(current-column)))

(defun c-lineup-arglist-log-ops (langelem)
  "At lines with && or || line up logical expressions behind that operators.
Line up according to `c-lineup-arglist' otherwise."
  (save-excursion
    (forward-line 0)
    (let (paren-pos
      length-log-op
      (line-beg (point)))
      (or
       (and (eq (c-langelem-sym langelem) 'arglist-cont-nonempty)
        (looking-at "^\\s-*\\(\\(?:&&\\|||\\)\\s-*\\)")
        (setq length-log-op (length (match-string 1)))
        (setq paren-pos (c-langelem-2nd-pos c-syntactic-element))
        (setq col (c-col-after-pos paren-pos line-beg))
        (- col length-log-op (c-anchor-column langelem)))
       #'c-lineup-arglist))))

(defun my-c-offset-setup ()
  (c-set-offset 'arglist-close 0)
  (c-set-offset 'arglist-cont-nonempty #'c-lineup-arglist-log-ops))

(add-hook 'c-mode-hook #'my-c-offset-setup)

Extended test with:

  • emacs-version 25.1.50.2
  • test file "/tmp/test.c" with the contents listed below; The listed code is already the result of indentation.
  • Result of C-h v c-indentation-style in the file buffer of "/tmp/test.c" is "gnu" (corresponding to the entry (other . "gnu") in c-default-style)
  • indentation generated with C-x h tab; (That does not change anymore the indentation of the listed code because it is already indented.)
#include <stdio.h>

int somefun() {
  return 1;
}

int main() {
  size_t i,N;
  int x,y,y1,z,w,u;

  for( i = 0;
       i < N;
       ++i
  ) {
    /* stuff */
  }

  if ( x==1
    && ( y1==2
      && z==3
      || w!=4 )
    || z==3
  ) {
    /* some comment
       multi-line
       comment
    */
    x += y;
    x += y;
  } else if ( x==2
           && u!=3
           && ( y1==3
             && z==4
             || w!=5 )
           || z==6
  ) {
    y += x;
  }

  while(
        somefun(x)
  ) {
    /* stuff */
  }

  return 0;
}

Some notes about the test result:

  • The indentation of else if does work exactly as that one of if. (That was under discussion in the comments.)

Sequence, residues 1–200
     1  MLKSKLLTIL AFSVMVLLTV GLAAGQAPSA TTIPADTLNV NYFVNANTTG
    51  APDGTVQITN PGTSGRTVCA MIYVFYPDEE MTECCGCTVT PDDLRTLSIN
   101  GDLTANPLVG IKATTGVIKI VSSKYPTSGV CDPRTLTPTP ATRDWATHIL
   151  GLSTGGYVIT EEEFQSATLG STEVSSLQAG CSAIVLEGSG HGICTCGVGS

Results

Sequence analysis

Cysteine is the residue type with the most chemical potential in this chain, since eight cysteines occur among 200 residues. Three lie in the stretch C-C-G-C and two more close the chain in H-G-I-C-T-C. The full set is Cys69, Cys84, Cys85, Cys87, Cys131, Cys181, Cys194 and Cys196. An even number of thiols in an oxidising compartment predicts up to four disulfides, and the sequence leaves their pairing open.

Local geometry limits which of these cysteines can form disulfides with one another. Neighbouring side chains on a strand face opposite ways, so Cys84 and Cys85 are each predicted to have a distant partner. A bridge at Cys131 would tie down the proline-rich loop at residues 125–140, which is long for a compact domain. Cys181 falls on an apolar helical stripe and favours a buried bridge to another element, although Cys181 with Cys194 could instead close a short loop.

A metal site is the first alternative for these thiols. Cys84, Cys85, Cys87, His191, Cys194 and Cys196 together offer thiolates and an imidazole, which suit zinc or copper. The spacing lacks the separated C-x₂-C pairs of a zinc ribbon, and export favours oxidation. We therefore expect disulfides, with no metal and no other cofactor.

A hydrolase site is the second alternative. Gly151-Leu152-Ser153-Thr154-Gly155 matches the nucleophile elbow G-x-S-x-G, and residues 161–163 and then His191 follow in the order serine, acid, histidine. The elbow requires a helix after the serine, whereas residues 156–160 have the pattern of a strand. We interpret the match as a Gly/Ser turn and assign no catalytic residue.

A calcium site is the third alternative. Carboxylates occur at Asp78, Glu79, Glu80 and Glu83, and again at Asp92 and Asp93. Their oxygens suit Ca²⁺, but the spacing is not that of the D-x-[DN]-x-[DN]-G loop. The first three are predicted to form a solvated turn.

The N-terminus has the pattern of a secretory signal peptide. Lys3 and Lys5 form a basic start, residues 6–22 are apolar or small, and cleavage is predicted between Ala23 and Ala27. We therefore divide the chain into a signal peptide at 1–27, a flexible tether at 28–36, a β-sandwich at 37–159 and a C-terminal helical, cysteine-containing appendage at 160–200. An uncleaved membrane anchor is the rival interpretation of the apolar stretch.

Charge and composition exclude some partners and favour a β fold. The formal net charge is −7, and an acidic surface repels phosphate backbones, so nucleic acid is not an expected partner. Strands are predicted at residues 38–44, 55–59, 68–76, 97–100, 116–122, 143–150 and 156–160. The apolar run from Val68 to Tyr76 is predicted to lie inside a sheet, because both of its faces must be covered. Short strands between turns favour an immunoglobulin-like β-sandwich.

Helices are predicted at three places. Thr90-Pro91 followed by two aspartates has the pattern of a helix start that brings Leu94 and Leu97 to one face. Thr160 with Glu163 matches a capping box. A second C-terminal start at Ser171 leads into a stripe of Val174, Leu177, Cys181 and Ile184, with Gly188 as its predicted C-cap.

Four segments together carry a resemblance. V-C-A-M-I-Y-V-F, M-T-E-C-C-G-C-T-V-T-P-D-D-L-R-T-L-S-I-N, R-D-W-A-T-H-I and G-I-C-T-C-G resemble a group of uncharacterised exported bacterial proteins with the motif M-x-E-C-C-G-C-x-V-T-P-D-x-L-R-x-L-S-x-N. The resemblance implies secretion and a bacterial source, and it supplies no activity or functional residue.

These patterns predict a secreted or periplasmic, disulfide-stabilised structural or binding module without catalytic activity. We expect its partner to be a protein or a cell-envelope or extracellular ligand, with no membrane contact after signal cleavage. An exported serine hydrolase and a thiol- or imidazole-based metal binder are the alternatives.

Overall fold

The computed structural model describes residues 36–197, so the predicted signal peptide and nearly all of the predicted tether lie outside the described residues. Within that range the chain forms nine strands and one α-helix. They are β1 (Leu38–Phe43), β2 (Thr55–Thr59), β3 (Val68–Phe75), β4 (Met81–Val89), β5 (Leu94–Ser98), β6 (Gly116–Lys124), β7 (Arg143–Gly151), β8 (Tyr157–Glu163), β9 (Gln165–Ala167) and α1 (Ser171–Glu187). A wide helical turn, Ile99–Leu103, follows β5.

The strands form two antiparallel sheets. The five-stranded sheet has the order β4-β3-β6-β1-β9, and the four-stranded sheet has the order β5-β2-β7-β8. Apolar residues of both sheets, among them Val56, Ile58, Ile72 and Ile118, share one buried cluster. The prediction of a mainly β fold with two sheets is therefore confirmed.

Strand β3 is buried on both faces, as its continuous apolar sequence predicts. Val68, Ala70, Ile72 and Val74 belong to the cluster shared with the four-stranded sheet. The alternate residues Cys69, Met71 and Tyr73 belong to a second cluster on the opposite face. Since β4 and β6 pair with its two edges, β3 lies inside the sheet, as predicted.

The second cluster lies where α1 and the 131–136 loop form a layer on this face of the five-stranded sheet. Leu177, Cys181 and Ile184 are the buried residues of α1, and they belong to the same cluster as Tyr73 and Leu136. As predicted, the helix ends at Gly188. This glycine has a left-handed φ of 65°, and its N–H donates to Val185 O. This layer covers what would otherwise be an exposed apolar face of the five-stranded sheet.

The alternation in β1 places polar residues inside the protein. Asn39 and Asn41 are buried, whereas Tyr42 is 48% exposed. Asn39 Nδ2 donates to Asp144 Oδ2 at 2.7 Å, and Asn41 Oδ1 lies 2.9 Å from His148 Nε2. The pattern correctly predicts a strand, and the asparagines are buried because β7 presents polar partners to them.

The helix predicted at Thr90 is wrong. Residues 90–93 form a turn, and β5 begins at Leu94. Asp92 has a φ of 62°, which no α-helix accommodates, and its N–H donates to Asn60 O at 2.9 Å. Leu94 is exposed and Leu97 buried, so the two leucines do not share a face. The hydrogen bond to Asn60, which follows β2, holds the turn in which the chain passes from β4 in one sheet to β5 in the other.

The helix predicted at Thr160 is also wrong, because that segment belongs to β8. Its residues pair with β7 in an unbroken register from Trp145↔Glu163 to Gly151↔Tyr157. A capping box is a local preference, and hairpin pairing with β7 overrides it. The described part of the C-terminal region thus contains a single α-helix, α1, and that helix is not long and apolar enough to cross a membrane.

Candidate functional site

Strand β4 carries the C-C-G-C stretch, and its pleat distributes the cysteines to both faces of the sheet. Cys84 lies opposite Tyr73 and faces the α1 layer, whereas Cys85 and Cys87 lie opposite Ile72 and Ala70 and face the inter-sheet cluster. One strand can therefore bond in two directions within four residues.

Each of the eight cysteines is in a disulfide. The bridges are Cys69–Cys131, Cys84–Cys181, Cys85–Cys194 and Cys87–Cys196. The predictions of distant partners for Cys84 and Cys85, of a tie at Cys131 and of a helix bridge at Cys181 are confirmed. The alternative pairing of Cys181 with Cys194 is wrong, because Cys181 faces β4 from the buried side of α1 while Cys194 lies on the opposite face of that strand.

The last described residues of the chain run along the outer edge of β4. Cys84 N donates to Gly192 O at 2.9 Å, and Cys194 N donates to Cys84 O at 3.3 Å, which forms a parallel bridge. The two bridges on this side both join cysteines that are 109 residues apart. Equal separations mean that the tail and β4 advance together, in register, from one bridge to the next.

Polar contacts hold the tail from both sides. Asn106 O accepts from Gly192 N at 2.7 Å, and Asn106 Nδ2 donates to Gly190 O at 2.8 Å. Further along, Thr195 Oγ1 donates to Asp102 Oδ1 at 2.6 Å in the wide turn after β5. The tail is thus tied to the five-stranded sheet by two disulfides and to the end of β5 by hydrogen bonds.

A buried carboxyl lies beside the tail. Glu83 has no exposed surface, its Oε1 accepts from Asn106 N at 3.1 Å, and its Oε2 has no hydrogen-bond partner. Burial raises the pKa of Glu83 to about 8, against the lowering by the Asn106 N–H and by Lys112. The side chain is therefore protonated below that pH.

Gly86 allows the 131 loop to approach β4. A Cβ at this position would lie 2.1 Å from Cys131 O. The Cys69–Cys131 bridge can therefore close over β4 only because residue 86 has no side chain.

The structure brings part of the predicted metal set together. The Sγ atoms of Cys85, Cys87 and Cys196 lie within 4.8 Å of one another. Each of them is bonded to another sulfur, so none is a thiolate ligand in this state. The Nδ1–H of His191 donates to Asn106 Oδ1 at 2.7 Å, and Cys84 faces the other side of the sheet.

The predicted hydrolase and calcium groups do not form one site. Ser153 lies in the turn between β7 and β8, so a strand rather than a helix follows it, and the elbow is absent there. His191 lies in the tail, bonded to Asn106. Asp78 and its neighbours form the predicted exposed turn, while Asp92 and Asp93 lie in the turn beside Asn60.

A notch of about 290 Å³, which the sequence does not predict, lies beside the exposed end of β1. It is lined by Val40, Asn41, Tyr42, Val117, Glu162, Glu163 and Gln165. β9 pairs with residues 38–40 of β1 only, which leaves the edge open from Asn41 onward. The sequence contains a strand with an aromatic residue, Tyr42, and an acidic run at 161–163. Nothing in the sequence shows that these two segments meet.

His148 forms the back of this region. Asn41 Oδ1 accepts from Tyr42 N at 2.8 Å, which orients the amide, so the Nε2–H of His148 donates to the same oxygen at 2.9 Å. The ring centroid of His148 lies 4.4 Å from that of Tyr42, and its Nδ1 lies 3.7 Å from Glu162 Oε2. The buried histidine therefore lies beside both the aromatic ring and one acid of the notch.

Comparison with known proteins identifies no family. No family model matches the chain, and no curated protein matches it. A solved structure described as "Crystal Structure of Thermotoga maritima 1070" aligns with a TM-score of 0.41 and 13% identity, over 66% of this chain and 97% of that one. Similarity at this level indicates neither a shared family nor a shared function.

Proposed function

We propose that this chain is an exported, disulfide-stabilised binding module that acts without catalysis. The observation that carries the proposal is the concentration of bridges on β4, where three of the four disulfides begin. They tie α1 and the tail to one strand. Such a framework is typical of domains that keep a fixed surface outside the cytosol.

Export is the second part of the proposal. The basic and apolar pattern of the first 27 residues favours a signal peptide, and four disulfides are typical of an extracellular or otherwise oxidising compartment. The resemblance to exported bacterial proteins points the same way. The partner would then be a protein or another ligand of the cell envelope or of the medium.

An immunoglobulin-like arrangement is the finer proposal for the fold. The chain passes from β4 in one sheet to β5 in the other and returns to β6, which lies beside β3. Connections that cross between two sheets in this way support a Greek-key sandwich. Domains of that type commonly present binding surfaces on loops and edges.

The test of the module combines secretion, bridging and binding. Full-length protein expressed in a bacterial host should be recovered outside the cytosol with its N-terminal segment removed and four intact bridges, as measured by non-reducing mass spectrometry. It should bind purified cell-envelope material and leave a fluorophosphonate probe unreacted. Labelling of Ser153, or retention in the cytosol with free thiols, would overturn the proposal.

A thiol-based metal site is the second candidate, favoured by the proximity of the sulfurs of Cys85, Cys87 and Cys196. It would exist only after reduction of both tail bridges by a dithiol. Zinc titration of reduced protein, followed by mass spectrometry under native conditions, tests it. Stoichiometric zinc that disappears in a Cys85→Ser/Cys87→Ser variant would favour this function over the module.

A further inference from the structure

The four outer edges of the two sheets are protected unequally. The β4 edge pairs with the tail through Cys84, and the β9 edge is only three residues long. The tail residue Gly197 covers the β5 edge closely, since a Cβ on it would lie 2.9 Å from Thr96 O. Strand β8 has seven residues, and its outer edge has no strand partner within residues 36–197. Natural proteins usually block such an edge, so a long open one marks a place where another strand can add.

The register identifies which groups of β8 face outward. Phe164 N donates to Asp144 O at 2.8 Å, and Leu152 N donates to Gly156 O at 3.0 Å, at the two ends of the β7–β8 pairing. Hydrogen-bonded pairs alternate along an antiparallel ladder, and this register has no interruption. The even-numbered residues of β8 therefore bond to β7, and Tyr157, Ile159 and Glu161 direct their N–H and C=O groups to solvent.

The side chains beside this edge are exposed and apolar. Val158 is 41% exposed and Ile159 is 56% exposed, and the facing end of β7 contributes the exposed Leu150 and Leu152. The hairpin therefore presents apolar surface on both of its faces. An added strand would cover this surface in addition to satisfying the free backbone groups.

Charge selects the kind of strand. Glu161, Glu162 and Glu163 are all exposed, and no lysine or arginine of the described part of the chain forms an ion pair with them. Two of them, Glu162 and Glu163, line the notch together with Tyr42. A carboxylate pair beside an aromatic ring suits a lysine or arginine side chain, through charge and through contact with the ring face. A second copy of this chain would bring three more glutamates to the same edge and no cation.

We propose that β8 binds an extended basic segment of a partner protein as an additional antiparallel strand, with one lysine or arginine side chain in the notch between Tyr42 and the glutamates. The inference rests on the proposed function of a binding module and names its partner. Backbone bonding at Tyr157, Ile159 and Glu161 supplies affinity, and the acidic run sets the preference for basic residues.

• The indentation of grouped logical expressions is exactly as specified (That was also under discussion in the comments.):
    • The group itself is a logical expression so its opening parenthesis is aligned to the previous logical expression.
    • The logical expressions within the group combined by && and || are also aligned according to the specification.
  • tested this a little bit in spacemacs. Was not having great success :/ this may or may not be due to something else in spacemacs. Won't be able to fully test until the weekend. Some things worked but for example else if would not, and upon insertion of () to group logical conditions, regular indenting came back. I'll see what I can come up with over the weekend but if you have any ideas, please let me know. – skyfire Feb 22 '18 at 21:39
  • Ok I tested a bit more and it seems to mostly work. But I could not get the line else if( (ch == ' ' && position != 0) || (position >= length) ) to type out easily without backtracking to align it manually. The && kept wanting to align with the ==. Ideally I want to hit RET once inside the if( cond and have the cursor start underneath the f. If that is not possible, maybe we can trigger a reindent upon entering && or || on lines following the initial if( line --similiar to how typing () triggers a reindent? – skyfire Feb 24 '18 at 14:43
  • @skyfire Thanks for the test. If you want to have additional features please complete the specification in the top question text. The wanted indentation is lost in the comment. Please clearly mark the specification add-ons as such in the question text. Actually, the answer already answers what was demanded by the original specification. I will see what I can do but answering a question shouldn't be an engineering job with full development cycle;-). From your comment below Ian's answer I had the impression that you would be fit for the job yourself;-)). – Tobias Feb 24 '18 at 15:26
  • much appreciated, your right I am a bit at fault for not giving a more complete description -- sorry about that :( anything you do beyond what was originally asked is extra, I'm giving you the bounty. But I will still appreciate any further help, whether that is the extra bit I asked or any relevant info you know that could help me program that last bit. Thank you! – skyfire Feb 24 '18 at 16:00
  • @skyfire I referenced the info node ccmode and added a description of the code. I know that you don't need that. But the questions and answers are supposed to be of use for other less experienced emacs users. – Tobias Feb 25 '18 at 1:42

Your Answer

By clicking “Post Your Answer”, you agree to our terms of service, privacy policy and cookie policy

Not the answer you're looking for? Browse other questions tagged or ask your own question.